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He's in good company...Rumo (my dog) is uneasy about storm drains too! I thought maybe he never lived in a neighborhood with storm drains before?

Over time, with my total Non-Reaction (I let him avoid it, or I let him approach cautiously, whatever...I leave leash loose) he has gradually stopped his weird behavior of circling far away from them. I even caught him standing there sniffing down into the hole a few times. So I guess he could be said to be cured.

I think part of helping Major is just to be relaxed on your end of the leash, like, "What? Meh. This is nothing."
 

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We picked him up at 7 weeks. He appeared to be the pick of the litter, the only one of the pups that came over to meet us. The others all hid.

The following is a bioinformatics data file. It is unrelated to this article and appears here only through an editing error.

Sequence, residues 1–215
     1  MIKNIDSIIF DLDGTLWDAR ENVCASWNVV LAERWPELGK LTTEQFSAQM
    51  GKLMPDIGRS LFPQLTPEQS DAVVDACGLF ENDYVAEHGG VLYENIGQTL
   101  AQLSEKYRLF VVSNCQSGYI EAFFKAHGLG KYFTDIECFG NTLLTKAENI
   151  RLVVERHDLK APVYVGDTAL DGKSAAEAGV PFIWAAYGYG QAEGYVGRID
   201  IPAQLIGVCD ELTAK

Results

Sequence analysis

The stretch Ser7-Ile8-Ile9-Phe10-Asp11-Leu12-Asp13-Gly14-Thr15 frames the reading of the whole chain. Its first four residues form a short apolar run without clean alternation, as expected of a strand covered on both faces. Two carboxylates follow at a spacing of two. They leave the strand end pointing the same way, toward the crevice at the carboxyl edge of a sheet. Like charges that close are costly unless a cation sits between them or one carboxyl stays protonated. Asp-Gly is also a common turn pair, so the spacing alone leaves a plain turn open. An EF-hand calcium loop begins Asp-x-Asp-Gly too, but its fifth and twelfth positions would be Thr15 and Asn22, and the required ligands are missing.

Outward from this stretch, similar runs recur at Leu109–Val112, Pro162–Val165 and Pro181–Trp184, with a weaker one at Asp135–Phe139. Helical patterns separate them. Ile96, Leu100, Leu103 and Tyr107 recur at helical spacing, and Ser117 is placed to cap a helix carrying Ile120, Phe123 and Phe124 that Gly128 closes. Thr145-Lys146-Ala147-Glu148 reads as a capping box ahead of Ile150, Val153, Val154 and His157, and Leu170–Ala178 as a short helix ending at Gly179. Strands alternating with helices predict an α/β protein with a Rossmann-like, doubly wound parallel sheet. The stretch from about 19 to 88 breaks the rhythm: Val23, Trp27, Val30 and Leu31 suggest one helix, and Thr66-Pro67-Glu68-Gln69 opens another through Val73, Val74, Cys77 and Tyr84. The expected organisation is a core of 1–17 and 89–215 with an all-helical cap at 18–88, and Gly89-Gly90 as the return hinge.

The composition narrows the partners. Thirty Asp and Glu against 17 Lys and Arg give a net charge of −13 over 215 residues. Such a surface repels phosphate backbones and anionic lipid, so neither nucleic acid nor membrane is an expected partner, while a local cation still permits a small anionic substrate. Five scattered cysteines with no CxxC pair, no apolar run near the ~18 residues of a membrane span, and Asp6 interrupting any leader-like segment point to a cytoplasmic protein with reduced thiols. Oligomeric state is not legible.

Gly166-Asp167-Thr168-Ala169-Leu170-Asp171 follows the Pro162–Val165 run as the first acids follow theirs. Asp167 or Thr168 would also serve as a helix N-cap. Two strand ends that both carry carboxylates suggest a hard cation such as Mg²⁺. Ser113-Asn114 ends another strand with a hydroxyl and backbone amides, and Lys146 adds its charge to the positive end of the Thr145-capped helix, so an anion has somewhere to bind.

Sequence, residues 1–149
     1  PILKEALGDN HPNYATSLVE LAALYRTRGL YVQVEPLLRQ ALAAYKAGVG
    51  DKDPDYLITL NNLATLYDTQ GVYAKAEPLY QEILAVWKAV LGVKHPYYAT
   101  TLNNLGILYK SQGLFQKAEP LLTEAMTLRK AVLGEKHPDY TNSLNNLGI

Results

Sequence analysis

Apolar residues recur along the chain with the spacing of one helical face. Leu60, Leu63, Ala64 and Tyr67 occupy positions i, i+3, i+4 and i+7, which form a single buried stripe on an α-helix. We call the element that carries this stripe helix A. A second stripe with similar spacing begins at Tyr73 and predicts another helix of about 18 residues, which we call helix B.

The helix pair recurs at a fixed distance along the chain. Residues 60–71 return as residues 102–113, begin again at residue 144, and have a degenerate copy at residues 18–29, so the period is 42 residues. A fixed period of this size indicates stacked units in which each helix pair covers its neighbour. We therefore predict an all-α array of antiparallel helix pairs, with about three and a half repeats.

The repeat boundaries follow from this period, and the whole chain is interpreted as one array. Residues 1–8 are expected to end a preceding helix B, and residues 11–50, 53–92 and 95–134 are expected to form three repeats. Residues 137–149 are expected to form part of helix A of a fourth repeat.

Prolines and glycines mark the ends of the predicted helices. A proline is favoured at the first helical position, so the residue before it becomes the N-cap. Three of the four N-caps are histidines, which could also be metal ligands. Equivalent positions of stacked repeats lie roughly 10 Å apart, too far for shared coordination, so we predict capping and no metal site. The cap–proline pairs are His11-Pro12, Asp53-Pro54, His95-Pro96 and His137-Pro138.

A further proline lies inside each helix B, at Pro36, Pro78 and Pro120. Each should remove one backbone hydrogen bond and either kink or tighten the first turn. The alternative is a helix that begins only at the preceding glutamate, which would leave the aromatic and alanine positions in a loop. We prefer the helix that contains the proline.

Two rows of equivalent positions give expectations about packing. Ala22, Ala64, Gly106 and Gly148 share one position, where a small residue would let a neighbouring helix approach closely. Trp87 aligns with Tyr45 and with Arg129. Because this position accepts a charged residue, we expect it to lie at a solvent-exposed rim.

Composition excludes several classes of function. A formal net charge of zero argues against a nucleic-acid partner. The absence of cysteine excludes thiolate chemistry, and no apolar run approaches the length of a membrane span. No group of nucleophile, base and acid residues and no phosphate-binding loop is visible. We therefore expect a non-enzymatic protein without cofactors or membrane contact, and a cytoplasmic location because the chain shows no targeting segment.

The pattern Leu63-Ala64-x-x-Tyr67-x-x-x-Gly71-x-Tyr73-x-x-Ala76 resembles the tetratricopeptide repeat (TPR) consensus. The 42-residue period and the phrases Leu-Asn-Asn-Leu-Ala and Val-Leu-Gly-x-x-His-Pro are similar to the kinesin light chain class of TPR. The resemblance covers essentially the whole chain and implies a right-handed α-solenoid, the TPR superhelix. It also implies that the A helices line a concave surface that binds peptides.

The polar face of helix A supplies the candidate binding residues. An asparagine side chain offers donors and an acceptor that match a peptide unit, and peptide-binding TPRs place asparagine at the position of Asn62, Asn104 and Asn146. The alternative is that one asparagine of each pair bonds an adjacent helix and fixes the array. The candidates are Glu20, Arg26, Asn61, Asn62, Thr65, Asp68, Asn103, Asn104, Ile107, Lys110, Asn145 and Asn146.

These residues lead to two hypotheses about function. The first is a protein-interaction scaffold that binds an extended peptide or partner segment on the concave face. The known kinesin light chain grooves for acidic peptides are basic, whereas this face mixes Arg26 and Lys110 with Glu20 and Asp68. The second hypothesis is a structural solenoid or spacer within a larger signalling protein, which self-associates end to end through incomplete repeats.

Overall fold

That right there proves an issue. You should have turned and walked away immediately. I'm guessing the breeder did things very poorly and the pups got no socialization, along with them having weak nerves. It sounds like you will be in for life with his fear issues. A trainer might be able to help you build some confidence in him, but I highly doubt he will ever be a solid dog. Hopefully you love him anyway.
 

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Back when my husband was still alive, we stopped to see a litter of GSD pups.

Mom hid behind her owner, barking at us.

I couldn't get us out of there fast enough. Even back then, I knew that timid temperament could be genetic.